Thankfully, the 747’s story does not quite end there. For the self-reflective person, this Pandemic has revealed character traits that have been somewhat hidden away but are fundamental to who we are. The pandemic too has revealed something of a secret hidden in plain sight in the design of the 747. Its raised cockpit and upper deck (aka the hump) are configured in just this way because the plane was also designed to have a cargo configuration in which the entire nose opens up to reveal its main cargo deck. During its concept development Boeing was not entirely convinced that we would want to travel quite so much and so the plane has this built in back-up plan. So, while the travelling public became familiar with the passenger version of the 747, the cargo variant has also been working in a less public way for the last fifty years. Form follows function and as the pandemic has pushed most of the remaining iconic passenger 747 into early retirement, it has brought the cargo 747 to the forefront.
The world wide effort to use vaccines to protect populations and put an end to the pandemic is going to be one off the biggest logistical challenges we have faced, shipping hundreds of millions of doses around the world, and the 747 with its enormous capacity will undoubtedly play a significant role in this effort. The 747 freighter fleet will be gainfully employed for decades to come.
For the past fifty years the iconic passenger carrying 747 has circled the globe allowing us to experience a freedom few before its arrival could have even imagined. While that type of freedom feels like a dream or a hazy memory now, it has again given us hope. Hope for a relief from the virus as the Queen of the Skies shifts to transporting vaccines throughout the world. I am heartened to know that my father’s 747 legacy is still working at drawing us closer to a somewhat less lonely world and if I do hear those four engines again, at some odd hour, I will be sure to look up and smile.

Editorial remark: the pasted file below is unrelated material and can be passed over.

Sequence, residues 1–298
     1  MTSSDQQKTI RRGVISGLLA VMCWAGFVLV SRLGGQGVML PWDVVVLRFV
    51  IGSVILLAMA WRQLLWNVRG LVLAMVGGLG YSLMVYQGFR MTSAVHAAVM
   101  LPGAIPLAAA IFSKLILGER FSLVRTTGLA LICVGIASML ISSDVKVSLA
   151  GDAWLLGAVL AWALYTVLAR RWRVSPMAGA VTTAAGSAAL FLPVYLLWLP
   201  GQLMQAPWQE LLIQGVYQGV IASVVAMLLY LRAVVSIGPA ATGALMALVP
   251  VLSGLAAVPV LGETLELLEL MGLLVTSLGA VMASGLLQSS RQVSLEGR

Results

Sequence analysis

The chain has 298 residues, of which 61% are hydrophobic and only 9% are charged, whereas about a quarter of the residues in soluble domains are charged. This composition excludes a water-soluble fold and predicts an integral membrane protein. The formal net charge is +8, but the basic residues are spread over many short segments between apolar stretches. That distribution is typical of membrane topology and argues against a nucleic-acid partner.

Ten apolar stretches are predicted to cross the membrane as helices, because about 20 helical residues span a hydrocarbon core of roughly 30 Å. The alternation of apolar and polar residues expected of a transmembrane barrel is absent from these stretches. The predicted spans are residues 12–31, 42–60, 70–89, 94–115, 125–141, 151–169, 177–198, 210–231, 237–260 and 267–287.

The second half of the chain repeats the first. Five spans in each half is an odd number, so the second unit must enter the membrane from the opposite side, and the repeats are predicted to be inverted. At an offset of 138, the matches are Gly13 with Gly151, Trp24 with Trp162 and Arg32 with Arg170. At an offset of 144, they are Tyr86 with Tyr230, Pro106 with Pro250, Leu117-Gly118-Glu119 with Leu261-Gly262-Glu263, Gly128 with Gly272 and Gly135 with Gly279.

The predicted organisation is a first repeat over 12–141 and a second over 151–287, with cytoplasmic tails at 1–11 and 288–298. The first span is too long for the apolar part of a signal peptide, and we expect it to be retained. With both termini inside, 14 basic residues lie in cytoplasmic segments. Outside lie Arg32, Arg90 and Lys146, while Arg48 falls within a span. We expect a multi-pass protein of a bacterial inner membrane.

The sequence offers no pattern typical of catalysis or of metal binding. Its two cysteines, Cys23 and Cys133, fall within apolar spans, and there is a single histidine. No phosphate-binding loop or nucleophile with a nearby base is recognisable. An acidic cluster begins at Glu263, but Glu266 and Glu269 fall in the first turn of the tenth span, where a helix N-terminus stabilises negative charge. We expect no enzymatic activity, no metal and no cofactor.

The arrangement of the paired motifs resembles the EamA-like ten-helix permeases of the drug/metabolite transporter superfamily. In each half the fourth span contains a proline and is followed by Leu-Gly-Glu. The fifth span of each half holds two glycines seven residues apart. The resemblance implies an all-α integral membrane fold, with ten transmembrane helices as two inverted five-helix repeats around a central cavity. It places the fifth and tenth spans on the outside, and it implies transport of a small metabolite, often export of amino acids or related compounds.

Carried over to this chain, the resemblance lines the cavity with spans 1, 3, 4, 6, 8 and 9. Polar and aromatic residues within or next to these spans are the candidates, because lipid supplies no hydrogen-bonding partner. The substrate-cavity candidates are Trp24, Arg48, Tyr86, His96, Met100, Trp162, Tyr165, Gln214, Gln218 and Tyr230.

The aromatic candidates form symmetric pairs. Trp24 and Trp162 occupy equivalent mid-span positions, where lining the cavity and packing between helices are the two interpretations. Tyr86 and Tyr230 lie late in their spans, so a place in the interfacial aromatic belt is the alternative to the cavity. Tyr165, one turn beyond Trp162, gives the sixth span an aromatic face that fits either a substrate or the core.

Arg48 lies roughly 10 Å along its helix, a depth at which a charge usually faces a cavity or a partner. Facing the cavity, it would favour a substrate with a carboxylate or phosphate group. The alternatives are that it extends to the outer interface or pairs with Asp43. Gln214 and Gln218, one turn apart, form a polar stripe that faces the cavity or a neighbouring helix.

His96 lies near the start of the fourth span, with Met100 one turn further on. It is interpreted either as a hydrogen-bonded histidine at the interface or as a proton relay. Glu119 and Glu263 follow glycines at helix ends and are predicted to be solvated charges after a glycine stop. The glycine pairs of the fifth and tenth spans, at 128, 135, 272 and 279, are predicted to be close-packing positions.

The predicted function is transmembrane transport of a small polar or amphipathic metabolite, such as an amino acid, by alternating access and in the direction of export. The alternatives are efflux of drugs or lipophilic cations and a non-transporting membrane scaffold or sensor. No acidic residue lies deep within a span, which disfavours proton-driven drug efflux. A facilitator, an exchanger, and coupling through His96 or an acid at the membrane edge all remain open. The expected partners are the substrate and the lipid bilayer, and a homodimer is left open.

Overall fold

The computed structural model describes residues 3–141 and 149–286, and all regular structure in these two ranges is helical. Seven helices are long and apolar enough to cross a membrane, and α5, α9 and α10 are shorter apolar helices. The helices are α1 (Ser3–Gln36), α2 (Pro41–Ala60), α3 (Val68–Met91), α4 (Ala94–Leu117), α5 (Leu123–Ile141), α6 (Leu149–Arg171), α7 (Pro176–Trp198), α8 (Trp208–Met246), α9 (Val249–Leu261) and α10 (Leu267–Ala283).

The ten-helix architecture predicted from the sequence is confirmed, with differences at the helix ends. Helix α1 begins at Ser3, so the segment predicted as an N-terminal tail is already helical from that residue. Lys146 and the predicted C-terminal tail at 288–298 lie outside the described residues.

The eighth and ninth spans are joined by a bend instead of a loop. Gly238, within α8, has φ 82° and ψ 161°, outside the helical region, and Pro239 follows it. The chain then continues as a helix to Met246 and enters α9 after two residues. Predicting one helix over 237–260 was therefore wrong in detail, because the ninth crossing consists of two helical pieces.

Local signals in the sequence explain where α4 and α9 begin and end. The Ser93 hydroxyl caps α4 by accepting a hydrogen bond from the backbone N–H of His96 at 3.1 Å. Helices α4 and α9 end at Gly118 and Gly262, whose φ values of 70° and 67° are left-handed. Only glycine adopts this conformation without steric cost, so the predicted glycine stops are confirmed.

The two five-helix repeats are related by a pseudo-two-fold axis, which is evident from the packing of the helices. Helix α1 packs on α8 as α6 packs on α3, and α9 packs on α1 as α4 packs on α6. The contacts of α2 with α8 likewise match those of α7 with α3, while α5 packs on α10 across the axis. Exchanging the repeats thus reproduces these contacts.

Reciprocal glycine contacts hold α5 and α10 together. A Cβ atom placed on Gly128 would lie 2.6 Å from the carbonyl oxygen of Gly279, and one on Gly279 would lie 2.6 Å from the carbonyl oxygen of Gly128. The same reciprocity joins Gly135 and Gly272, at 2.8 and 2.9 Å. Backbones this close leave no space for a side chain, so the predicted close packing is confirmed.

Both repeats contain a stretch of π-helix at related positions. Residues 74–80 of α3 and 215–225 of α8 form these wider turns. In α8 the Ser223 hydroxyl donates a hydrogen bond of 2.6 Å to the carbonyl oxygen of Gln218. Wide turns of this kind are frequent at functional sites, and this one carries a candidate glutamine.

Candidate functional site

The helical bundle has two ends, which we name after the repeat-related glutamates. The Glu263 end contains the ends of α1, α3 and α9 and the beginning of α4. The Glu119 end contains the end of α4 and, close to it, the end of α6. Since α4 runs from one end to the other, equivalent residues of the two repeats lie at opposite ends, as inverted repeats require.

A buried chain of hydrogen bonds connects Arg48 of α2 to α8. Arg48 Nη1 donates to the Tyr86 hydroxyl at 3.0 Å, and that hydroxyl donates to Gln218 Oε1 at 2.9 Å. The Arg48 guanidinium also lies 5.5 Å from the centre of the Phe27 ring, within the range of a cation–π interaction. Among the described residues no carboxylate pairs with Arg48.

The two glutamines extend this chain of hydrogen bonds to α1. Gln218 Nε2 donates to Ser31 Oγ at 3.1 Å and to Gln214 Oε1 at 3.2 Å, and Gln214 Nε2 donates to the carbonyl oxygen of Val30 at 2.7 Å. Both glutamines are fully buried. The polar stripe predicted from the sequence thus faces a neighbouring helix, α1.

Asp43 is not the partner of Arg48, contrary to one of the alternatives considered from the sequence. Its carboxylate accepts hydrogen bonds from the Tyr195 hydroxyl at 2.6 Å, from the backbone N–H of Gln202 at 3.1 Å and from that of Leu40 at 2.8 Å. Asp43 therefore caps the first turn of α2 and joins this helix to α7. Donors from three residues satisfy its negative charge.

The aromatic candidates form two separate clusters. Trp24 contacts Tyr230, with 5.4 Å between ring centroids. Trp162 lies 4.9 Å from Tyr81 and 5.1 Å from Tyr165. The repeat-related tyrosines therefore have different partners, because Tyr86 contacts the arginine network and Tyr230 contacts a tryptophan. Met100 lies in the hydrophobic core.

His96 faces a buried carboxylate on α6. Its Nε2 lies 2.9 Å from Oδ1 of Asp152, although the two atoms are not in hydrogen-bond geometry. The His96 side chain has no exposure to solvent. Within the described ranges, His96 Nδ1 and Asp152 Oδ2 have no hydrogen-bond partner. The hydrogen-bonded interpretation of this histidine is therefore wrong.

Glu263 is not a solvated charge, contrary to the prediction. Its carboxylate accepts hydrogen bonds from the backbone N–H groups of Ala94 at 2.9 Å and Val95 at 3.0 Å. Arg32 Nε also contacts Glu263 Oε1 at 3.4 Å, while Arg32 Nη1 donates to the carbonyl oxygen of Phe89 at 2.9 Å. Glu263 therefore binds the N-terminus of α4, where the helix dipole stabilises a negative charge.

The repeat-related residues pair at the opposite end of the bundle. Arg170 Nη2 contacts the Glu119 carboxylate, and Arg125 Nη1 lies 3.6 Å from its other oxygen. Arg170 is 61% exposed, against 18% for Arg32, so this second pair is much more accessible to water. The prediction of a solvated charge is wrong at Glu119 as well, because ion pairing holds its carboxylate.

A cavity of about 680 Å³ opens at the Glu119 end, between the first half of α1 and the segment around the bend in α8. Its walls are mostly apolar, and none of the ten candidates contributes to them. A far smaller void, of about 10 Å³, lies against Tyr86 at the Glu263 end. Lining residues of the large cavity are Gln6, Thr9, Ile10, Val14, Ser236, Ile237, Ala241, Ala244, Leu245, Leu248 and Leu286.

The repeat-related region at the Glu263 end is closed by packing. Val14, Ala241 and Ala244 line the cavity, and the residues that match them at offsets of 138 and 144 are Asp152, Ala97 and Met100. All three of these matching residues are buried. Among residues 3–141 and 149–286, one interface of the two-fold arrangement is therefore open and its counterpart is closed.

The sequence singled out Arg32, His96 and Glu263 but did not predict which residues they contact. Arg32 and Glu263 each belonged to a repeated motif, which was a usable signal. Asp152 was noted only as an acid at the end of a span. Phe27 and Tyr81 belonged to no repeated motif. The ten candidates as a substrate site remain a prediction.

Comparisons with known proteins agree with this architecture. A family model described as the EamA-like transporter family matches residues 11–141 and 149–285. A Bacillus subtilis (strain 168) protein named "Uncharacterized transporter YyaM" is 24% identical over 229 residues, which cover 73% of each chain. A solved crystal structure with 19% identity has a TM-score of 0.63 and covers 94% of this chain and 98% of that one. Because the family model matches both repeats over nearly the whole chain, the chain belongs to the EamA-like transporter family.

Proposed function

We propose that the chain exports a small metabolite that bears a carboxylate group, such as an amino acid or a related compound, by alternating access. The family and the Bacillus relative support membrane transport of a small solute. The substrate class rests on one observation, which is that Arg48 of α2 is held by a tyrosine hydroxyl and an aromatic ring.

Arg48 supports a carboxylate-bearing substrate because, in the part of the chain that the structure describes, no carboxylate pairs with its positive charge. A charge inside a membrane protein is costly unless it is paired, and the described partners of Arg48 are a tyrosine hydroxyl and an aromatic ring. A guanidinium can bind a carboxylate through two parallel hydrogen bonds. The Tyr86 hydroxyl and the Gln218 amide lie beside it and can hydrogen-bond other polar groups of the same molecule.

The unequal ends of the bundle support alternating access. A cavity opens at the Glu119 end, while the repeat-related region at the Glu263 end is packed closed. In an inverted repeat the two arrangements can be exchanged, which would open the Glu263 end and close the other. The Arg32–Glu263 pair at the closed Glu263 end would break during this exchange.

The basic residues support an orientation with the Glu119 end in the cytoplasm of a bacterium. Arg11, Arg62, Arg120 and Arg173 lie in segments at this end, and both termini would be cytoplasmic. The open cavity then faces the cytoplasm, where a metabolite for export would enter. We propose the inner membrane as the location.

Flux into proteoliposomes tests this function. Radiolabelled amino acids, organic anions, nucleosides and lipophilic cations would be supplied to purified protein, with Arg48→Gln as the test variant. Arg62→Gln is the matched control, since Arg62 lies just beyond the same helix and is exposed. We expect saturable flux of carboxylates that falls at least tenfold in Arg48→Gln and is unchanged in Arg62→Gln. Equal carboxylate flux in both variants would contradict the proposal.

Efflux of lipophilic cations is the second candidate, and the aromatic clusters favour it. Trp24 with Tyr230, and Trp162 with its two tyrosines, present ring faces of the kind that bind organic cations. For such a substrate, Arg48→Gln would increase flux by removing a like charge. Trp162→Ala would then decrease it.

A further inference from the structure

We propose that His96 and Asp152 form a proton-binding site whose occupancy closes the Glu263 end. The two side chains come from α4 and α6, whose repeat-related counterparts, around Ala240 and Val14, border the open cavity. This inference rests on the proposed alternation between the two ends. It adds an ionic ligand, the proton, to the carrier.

Keith Shapland is a Master’s student in the Graduate Liberal Studies program at Simon Fraser University. He is an Industrial Designer who has specialized in the development of mock-ups and prototypes for a range of consumer, industrial, medical and transportation projects. Robin, his father, contributed to the design of the original 747 and Keith was lucky enough to work on the last production version, the 747-8. Keith is now happily focusing on teaching at Emily Carr University of Art and Design and is naively optimistic that he can keep up with the mounting maintenance projects around his house.
“British Airways retires entire 747 fleet after travel downturn” (17 July 2020). Source: BBC Business News
“Covid vaccine: 8,000 jumbo jets needed to deliver doses globally, says IATA” (10 September 2020). Source: BBC Business News